So, in Parts I & II of my series on “Upcycling,” we’ve seen that you can re-purpose empty bottles and containers, clothes, furniture, etc., giving them new value, beauty and purpose… but can you do the same thing with a house? Or an apartment building? Or a school? Why not! Today, for the finale of my three-part series on how and why to re-purpose just about everything, we’re looking at “upcycling” on an architectural scale.

Upcycle_III_Graphic

This isn’t just a fun hypothetical or a cooky, avant-garde experiment. This is actually being done, and with good reason and a whole, glorious variety of results.

With the rate at which much of the world is being built up, humans as a whole are having to deal with new and overwhelming consequences of our zeal for architectural conquest. Urban sprawl – the continual expansion of new and existing cities and suburbs into the countryside – is destroying and fragmenting wildlife habitats and farmland, as well as putting strains on critical resources, such as drinking water and fossil fuels, all over the world. NASA has an awe-inspiring satellite image project that shows just how huge humans’ impact on the land has been, even in just 10 years! And the rate at which cities are expanding is only increasing, both in the U.S., and in booming developing nations like China and India.

But there is another big problem with our constant construction that often gets ignored: waste. Construction projects create tons of it – literal mountains of it. According to the U.S. Green Building Council, “buildings use 40% of raw materials globally (3 billion tons annually),” and the EPA estimates that the United States alone produced 170 million tons of demolition and construction debris in 2003. That last number has only gone up since then, and that’s just the stuff that ends up in the trash – not the total resources that are used.

With all this in mind, I think it can safely be said that the greenest building you can build is one that already exists, and anything we can do to reduce, reuse and repurpose waste before it gets to the recycling, down-grading, and eventually throwing away phase is a huge help. But what does upcycling building supplies – or a whole building – really look like? What if you’re not into Austin’s “Cathedral of Trash” vibe (your loss) and don’t really want your home or workplace to look like Houston’s fabulous “Beer Can House”? Is this even really doable?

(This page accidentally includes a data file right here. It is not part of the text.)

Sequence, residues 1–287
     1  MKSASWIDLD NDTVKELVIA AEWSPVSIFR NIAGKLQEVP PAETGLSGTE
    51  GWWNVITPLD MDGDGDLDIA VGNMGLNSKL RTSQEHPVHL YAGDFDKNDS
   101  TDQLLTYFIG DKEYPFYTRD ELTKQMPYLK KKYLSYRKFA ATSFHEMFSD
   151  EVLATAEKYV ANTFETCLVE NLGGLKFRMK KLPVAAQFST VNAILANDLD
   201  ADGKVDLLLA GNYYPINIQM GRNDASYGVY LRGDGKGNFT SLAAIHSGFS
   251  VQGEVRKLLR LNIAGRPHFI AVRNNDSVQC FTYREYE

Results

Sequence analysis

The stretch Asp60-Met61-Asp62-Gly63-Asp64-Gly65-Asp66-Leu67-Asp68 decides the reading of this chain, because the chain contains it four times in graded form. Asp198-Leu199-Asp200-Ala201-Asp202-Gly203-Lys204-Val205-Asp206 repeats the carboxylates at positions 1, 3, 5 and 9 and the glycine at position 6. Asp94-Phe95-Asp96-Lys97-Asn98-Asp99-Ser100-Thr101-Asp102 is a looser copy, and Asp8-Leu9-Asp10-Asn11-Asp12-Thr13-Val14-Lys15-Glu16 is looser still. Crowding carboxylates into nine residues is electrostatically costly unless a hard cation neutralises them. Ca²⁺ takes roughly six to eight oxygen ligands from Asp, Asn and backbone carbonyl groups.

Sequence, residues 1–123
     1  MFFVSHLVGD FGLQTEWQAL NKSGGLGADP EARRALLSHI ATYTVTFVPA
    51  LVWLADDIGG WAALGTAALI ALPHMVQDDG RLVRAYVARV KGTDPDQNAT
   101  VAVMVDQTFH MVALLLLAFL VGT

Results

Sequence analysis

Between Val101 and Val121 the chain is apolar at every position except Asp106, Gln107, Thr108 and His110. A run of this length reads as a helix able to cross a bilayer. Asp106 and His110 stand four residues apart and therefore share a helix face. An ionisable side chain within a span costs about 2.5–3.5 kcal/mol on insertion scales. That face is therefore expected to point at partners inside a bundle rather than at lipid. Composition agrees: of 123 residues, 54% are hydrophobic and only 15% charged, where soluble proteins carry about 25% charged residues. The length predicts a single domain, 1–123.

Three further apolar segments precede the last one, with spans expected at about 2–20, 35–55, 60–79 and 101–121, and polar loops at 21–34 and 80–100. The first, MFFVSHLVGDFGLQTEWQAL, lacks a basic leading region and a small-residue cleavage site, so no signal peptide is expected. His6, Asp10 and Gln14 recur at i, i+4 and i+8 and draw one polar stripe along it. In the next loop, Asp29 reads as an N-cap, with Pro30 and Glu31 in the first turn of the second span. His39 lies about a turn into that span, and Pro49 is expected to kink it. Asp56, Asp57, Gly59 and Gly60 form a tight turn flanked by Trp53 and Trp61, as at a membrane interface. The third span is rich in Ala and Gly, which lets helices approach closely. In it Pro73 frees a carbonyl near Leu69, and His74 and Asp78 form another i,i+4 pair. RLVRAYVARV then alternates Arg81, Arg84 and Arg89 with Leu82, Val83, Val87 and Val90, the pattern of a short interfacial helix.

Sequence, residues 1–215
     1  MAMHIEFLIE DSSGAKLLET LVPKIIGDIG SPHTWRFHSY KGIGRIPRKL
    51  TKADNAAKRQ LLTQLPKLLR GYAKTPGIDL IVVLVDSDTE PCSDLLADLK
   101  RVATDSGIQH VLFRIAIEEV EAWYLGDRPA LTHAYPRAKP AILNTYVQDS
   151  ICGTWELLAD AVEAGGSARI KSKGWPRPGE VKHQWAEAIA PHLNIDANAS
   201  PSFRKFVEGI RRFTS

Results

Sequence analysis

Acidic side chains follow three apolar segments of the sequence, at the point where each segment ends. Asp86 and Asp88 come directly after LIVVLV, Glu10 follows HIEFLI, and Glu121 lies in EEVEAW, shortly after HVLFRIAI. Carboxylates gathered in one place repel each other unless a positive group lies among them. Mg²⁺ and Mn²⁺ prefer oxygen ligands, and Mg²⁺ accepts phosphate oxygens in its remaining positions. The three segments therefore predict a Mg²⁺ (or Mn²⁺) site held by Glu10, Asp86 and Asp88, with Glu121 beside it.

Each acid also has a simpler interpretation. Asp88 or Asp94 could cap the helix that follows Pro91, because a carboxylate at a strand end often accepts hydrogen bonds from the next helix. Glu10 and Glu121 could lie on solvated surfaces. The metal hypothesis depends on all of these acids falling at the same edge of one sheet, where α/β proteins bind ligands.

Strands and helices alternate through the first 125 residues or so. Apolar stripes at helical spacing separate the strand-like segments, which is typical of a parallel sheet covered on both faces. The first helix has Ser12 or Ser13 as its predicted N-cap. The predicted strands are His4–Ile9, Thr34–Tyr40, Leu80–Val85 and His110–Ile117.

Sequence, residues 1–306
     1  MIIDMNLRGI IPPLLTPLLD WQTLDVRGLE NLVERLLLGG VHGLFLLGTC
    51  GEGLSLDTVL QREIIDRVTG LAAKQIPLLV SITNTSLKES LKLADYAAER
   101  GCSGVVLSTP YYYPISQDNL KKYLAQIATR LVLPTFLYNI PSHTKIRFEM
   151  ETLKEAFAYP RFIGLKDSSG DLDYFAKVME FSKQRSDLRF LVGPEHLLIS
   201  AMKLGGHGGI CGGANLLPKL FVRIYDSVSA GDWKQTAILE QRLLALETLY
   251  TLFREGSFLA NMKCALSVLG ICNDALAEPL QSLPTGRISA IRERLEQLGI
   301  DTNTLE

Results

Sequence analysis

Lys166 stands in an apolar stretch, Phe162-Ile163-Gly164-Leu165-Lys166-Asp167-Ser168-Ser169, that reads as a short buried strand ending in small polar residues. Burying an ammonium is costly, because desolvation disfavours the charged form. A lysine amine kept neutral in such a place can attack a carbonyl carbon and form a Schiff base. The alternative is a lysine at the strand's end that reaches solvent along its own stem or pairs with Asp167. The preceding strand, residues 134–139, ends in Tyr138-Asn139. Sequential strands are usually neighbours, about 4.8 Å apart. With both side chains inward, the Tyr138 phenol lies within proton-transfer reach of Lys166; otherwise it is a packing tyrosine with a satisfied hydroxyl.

Dan Phillips has an awesome TED Talk on how he builds gorgeous, one-of-a-kind houses from reclaimed stuff, which does a great job of explaining how his team reduces waste by embracing the “imperfect” materials thrown out by other construction projects and uses them to create homes with a whole lot more character than the average “McMansion.” But I’m guessing these are still a little too “dumpster-chic” for some people, or maybe these houses just simply aren’t your style?

The good news is, architects are getting creative about converting existing spaces that have outlived their original purpose into unique, energizing new spaces in a whole variety of aesthetics. Some of the most obvious examples are all the expensive new lofts made from converted warehouses or restaurants and bars located in renovated firehouses or neglected old movie theatres, but architectural upcycling can go beyond just an imaginative renovation. For example, in the above image:

  1. Architect Christopher Robertson’s light-filled, modern shipping container homes, right here in Houston, TX (found on Inhabitat).
  2. Lendager Architects’ “Upcycle House,” in Nyborg, Denmark, has achieved about a 75% reduction in carbon emissions during the production/construction phase by using recycled and upcycled materials (read more about it at Treehugger).
  3. Homes built from converted silos honor their agricultural roots while providing all the amenities and attractiveness of modern, urban living (take a tour at decoist.com)
  4. Decommissioned shipping containers seem to be a popular source material in these, but this post from Dose.com shows just how varied the resulting structures can be.
  5. And here’s one more shipping container project found on Inhabitat, just for kicks: an art center in Seoul, South Korea by Graft Lab Architects.

I know there are tons more that I haven’t included here (for example a bunch of really cool tiny houses incorporate this idea), but that’s all for now. I’ve really enjoyed looking a little deeper into all things “upcycled,” but the one category of “upcycleables” I haven’t covered yet is IDEAS. There are so many amazing inventions in this world that started out as fascinating, lofty concepts with no real-world applications. It isn’t until someone else re-appropriates them in a completely different field, in some completely unintended way that their value was recognized by society at large. This is why we need different types of thinkers and doers to get together more often: we need both the spark and the fuel to start the fire. I think it’s important that we take these concepts, repurpose them and apply them to new areas for which they were never intended. I think this is important pretty much regardless of the topic. So, in that spirit, please share your ideas/comments/questions/exclamations/critiques below!

42 Thoughts on “Upcycling, Part III: Building a Movement – Upcycling Architecture

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